Coronavirus is an infectious disease that broke out in 2019. Since 2019, the COVID-19 pandemic has caused and is still causing many negative physical and psychological effects on individuals all around the world. We are now aware that people who get infected with the coronavirus are likely to experience symptoms like; fever, dry cough, tiredness, aches, pains and difficulty breathing or shortness of breath. With the proper treatment, individuals can recover from COVID-19 in approximately two weeks. However, some patients have reported experiencing corona symptoms even after their recovery.
Long-COVID is a post-COVID condition, meaning that it occurs after an individual is infected with the coronavirus, whether tested or not. The term Long-COVID is the first illness term to have been collectively coined by patients over social media.
According to the World Health Organisation (WHO) over 200 symptoms have been reported by patients however the three most common are; shortness of breath, cognitive dysfunction (brain fog) and fatigue. However, patients are also likely to experience chest pain, trouble speaking, anxiety, depression, muscle aches, loss of smell and taste. Although the duration is still not clear, this condition can last for 3 or 6 months and has the potential to last for even 9 months. In research from Fernández-de-las-Peñas et al. (2021), Long-COVID can be diagnosed during the 12th-24th week of being infected by the virus.
Long-COVID is a persistent condition and it is important to know how to manage it. The most common symptom that seems to affect an individual’s life is tiredness. In this case, one must learn how to conserve energy. Learning to pace, plan and prioritise your daily activities will help you to save energy.
Adjusting your pace will help you have enough energy to complete an activity. If you continue to complete a task until you feel tired instead of exhausted, you will recover faster. Another option is to do something until you are exhausted or where you give your best, which means you need more time to recover. Here are a few top tips for pace:
• Break activities up into smaller tasks and spread them throughout the day.
• Build rests into your activities as it is key to recharging your energy.
• Plan 30–40 minutes of rest breaks between activities.
• Sit and rest wherever possible.
Observe the activities you usually do every day and every week, and make a plan to distribute these activities. If certain activities make you breathless or tired, instead of doing them all at once, plan ahead and do them during the day. Change the time of the activity; Do not take a bath or shower in the busy morning, but at night. Plan to do activities such as gardening, washing and shopping on different days each week, with a few days off in between. Here are a few planning tips:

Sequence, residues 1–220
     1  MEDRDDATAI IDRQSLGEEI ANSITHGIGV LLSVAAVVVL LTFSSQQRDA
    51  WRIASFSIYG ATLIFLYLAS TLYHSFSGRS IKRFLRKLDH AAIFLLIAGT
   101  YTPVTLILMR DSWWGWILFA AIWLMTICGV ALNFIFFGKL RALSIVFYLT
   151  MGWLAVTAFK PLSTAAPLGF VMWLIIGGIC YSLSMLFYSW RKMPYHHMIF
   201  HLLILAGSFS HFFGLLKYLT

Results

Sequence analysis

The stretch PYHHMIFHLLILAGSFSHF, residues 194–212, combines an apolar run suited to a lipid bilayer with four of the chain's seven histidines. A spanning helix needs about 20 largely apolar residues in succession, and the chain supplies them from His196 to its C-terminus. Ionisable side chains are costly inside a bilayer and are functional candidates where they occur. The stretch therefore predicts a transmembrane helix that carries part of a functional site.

• Collect all the items you need before you start a task.
• Specially adapted equipment is likely to make tasks easier. If you have an occupational therapist, ask them for further advice and support.
• You may get more done when family or friends are visiting and they can help you out.
We often do things without thinking about whether they are necessary at that instant moment, and this can cause us a lot of frustration. Prioritising can help you sort out your actions during the day to give meaning and structure to them. Ask yourself the following questions to find out which of yours are necessary: What do I need to do today? What do I want to do today? What can I put off until another day? What can I ask someone else to do for me? Here are a few tips for prioritising:
• Don’t hold your breath during any task.
• Try to avoid pulling, lifting, bending, reaching and twisting where possible.
• Push or slide items as much as possible, rather than lifting them.
• Bend with your knees rather than from your waist.
In addition to soothing the symptoms of Long-COVID, these kind of adjustments will also lift your mood and boost your motivation to recover!
It is still open to debate whether this is a new disease, whereby effects are caused by COVID or a psychosomatic disorder. However, the symptoms are real and whoever experiences Long-COVID symptoms should definitely seek care.
If you are struggling in dealing with COVID-19 and feel that you can benefit from professional help, you can book an appointment here.
Ela Jean Demir holds a Bachelor degree in Psychology from the Izmir University of Economics in Turkey. She is currently doing her internship at Willingness.
Fernández-de-las-Peñas, C., Palacios-Ceña, D., Gómez-Mayordomo, V., Cuadrado, M. L., & Florencio, L. L. (2021). Defining Post-COVID Symptoms (Post-Acute COVID, Long COVID, Persistent Post-COVID): An Integrative Classification. International Journal of Environmental Research and Public Health, 18(5), 2621. https://doi.org/10.3390/ijerph18052621
Royal College of Occupational Therapists. How to conserve your energy: Practical advice for people during and after having COVID-19. https://www.rcot.co.uk/conserving-energy
Sykes, D. L., Holdsworth, L., Jawad, N., Gunasekera, P., Morice, A. H., & Crooks, M. G. (2021). Post-COVID-19 Symptom Burden: What is Long-COVID and How Should We Manage It? Lung, 199(2), 113–119. https://doi.org/10.1007/s00408-021-00423-z